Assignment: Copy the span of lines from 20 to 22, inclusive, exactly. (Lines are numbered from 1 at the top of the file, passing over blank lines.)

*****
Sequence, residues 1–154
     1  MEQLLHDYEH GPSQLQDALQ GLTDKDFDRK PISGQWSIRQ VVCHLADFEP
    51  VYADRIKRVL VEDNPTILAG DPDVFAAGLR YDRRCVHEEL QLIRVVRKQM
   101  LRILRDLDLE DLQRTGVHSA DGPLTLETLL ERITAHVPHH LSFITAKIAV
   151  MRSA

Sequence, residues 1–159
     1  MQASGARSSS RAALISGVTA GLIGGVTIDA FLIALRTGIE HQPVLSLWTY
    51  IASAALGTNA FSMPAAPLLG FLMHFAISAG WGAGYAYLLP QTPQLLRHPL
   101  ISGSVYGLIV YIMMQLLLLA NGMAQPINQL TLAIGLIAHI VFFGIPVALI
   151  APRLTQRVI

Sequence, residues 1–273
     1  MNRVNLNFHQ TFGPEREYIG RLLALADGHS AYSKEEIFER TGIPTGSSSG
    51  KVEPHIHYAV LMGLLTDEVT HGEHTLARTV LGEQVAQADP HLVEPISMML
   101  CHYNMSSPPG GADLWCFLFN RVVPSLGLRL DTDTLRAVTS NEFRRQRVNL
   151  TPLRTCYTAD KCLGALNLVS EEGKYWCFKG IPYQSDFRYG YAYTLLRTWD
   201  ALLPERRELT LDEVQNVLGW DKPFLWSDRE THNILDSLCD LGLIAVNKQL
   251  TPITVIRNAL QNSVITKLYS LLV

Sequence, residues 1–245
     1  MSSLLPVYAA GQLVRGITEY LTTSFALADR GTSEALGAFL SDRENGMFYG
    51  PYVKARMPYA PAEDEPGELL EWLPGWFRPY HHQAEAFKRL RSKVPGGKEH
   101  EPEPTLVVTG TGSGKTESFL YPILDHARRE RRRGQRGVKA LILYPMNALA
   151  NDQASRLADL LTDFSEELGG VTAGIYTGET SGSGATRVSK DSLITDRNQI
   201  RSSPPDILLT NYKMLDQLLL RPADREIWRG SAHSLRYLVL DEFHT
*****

    51  PYVKARMPYA PAEDEPGELL EWLPGWFRPY HHQAEAFKRL RSKVPGGKEH
   101  EPEPTLVVTG TGSGKTESFL YPILDHARRE RRRGQRGVKA LILYPMNALA
   151  NDQASRLADL LTDFSEELGG VTAGIYTGET SGSGATRVSK DSLITDRNQI